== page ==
6 oz filet mignon,skewered and grilled with our famous mashed potato panoply, grilled vegetables and seasoned bread

Filet Mignon – 6 oz. seared organic, grass fed beef Roasted Tomatoes, Grilled Asparagus & Brussels sprouts Kirschwasser – Traditional, distilled cherry brandy Gluten-Free Ciabatta Organic Mixed Greens Salad with Herbs de Provence Dressing

Cheese Board

2 oz. each of Spanish Manchego, Italian Gorgonzola, Irish Cheddar, a delicious fig spread, Mediterranean olives and seasoned bread

House Special — Raclette for 2

Dessert Chocolate fountain with home made ice creams, fresh fruit, cakes & Madelines dippers

Imported Gruyere Cheese, melted onto a hot stone, with seasoned bread, potato panoply and grilled vegetables

Reservations online at:

AlpinistAndTheGoat.com 204 W. Colorado • 970.728.5028 Call for large parties

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Extras


DINING & SPIRITS

Chef Johnny Gerona is a 30 + year Telluride local. His creative and healthy menu emphasizes Mediterranean and Spanish cuisine. Enjoy our happy hour with great après-ski tapas and bar specials daily. We provide casually elegant dinner service nightly. Here is a sampling of our menu.

Tapas House Marinated Olives Spanish Marcona Almonds Pan Tomate Bread Spanish Potato and Egg “Tortilla” House Roasted Red and Green Bell Peppers Patatas Bravas Boquerones - White Anchovies Grilled Artichoke Hearts Salt Cod Croquetas Smokey Paprika Chorizo Sliced Jamon Serrano, Spanish Ham Salmon Napoleon with Puff Pastry Albondigas Meatballs Calamari Steak Roasted Garlic Shrimp

Soups and Salads

Entrées

CAESAR romaine lettuce, anchovies, Parmigiano Reggiano, croutons, Caesar dressing

RED TROUT power greens grits, brown butter caper Grilled salmon, pomegranate syrup, cucumber coriander mint

MEDITERRANEAN organic mixed greens, olives, Manchego cheese, tomatoes, cucumber, Marcona almonds, dried apricots, balsamic vinaigrette

TRADITIONAL SEAFOOD PAELLA Chicken and chorizo paella

BELGIAN ENDIVE organic mixed greens, Belgian endive, Valdeon blue cheese, tomatoes, radishes, toasted walnuts, apples, sherry wine vinaigrette WARM GOAT CHEESE organic mixed greens, breaded rosemary goat cheese croquettes, tomatoes, roasted bell peppers, pickled red onions, dried figs, balsamic vinaigrette

Homemade Desserts

Chocolate mousse, Ninas’s Flan, Cobbler of the day GLUTEN FREE AND/OR VEGAN MENU OPTIONS AVAILABLE.

VEGAN VEGETABLE PAELLA Pan roasted quail, Jamon, manchego, quince DUCK CONFIT RAVIOLO pan seared breast, celery root gratin STEAK FRITES cracked tellycherry pepper ORGANIC ROASTED CHICKEN haricot, verts thyme jus 8 HOUR BRAISED LAMB SHANK maharajah curry VEGAN VEGETABLE TORRE braised Belgian endive, olive oil poached tomatoes, Moroccan spice

Open daily @ 4:30 • 970.728.1117 • Reservations recommended • thevillagetablerestaurant.com or opentable.com • 618 Mountain Village Blvd

COLORADO CRAFTED

Located at The Hotel Telluride Bring your family and friends and enjoy a delicious meal in a cozy spot by our lobby fireplace. Reservations: 970.369.1188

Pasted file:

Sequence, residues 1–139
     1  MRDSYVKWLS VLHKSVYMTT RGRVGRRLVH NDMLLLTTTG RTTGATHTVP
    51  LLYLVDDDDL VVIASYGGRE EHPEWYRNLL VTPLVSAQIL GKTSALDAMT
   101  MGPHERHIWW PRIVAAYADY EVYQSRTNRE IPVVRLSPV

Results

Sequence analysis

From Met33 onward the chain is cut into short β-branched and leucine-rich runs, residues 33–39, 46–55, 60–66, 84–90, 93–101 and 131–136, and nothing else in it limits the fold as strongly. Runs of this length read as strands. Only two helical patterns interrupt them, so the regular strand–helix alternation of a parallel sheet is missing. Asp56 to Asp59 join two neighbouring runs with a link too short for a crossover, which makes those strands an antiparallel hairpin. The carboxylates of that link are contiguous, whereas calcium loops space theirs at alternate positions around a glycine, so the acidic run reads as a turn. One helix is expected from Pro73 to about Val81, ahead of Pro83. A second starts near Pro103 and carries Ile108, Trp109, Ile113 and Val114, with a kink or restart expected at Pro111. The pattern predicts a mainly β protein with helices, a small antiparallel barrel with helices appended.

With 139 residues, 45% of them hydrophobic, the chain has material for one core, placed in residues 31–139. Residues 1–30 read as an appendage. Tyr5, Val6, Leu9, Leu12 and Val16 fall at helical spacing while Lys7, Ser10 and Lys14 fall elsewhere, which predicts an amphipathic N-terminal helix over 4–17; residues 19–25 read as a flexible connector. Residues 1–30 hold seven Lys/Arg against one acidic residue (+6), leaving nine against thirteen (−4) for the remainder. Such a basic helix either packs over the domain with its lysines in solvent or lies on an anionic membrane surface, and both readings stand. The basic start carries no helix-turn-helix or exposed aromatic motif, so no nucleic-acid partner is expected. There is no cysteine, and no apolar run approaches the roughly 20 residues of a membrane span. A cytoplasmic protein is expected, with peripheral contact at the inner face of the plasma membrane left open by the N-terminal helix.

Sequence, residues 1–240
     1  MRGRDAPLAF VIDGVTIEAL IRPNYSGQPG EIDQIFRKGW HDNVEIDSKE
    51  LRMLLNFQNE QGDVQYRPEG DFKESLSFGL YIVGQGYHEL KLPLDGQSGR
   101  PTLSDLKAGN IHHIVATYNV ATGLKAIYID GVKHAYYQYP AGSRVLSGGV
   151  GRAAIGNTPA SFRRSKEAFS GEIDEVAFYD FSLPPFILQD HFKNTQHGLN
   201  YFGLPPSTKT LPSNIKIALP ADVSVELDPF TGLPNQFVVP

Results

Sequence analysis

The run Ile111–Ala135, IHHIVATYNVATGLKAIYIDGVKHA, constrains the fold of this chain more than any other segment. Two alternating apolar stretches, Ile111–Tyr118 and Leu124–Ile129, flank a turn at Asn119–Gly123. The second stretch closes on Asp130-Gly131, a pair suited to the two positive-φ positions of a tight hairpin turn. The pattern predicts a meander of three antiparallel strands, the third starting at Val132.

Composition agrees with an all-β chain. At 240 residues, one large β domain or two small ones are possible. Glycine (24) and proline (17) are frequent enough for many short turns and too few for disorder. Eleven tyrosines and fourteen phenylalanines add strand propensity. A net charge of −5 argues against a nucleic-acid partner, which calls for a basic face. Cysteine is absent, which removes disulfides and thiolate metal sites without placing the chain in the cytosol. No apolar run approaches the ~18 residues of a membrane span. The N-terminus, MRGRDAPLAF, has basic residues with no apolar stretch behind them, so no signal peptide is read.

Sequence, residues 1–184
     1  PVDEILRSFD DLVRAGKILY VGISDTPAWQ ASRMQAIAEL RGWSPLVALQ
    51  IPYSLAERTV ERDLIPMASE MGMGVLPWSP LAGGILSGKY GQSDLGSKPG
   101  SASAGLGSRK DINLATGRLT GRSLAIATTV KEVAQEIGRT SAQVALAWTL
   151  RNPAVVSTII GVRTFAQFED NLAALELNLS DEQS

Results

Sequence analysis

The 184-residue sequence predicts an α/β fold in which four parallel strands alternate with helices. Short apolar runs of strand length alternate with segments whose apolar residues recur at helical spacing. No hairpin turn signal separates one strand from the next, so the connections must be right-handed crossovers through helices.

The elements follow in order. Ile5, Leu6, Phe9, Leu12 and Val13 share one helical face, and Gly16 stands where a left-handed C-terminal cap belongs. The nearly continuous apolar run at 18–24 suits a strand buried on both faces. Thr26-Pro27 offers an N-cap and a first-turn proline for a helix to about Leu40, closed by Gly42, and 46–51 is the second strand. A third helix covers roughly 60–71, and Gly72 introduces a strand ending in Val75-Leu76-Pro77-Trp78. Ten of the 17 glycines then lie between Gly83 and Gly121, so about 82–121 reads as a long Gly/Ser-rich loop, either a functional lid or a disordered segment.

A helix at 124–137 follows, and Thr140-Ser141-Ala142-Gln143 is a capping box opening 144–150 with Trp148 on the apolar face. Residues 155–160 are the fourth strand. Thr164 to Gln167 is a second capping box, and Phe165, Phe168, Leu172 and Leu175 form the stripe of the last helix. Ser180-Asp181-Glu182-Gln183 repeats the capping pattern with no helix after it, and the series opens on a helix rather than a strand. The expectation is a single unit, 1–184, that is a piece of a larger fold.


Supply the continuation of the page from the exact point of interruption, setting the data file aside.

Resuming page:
199 Cornet Street - Telluride, CO 81435

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DINING & SPIRITS

E TH E IN G D D E T LO CA LO NTAIN DE I U R MO TELLU

Earlier 7:30am-11am & Later 11:30am-9pm

Sample Menu Items BREAKFAST BURRITO two eggs, cheddar, bacon, crispy potatoes,hatch valley chilies, black beans, pork green chili, salsa, sour cream

BANANAS FOSTER BELGIUM WAFFLE caramelized bananas, cinnamon, vanilla bean ice cream, rum-caramel

RED CURRY MUSSELS P.E.I black mussels, coconut red curry sauce, cilantro & crostini FRITTO MISTO squid, shrimp, lemon wheels, red bell pepper & green onion, flash fried, served with remoulade

For the Table

PROVENCAL SALMON pan seared salmon in a sauce of garlic, lemon, capers, tomatos and white wine over crispy polenta

GRILLED PORK TENDERLOIN rubbed with garlic & herbs, grilled to order with a bacon-cherry compote & daily sides

CHIPS & QUESO - MAC 'N CHEESE - TRUFFLE FRIES - GRILLED FLATBREAD CAPRESE - CHICKEN WINGS - KOREAN BBQ RIBS - CHARCUTERIE & CHEESE

Apres Ski Special

970.369.6021

W

BUTTERED RUM, CHAMPAGNE ON TAP, DAILY DRINK SPECIALS TOO!

EE K M LY U SI LIV C E

$ 5 TELLURIDE MULE EVERY DAY TELLURIDE DISTILLERY VODKA, TELLURIDE DISTILLERY GINGER BEER ON TAP, LIME

Jump...

into our ` Apres Ski

organic middle-easternfood food middle-eastern shish kebabs · falafels hummus · spanakopita · fries baba ganouj · tabouli greek salad · baklava whole-food smoothies

open every day • 728-3985 www.oaktelluride.com 90

visittelluride.com | 855.421.4360

FRESH · LOCAL · SUSTAINABLE BREAKFAST, LUNCH & DINNER

OPEN DAILY WEATHER PERMITTING

Casual family-style Margaritas, Beer & Wine Chips & Salsa bar Coffee Drinks & Fresh Juices Hand-made ice cream

728-5611 CARAVANTELLURIDE.COM

mostly organic & television-free since 1997

ON THE LA COCINA DE LUZ PATIO

lunch & dinner kids’ menu outdoor patio

M E X I C A N R E S TA U R A N T & C AT E R I N G C O M P A N Y

123 E. COLORADO, TELLURIDE OPEN DAILY 8AM–9PM 970-728-9355 lacocinatelluride.com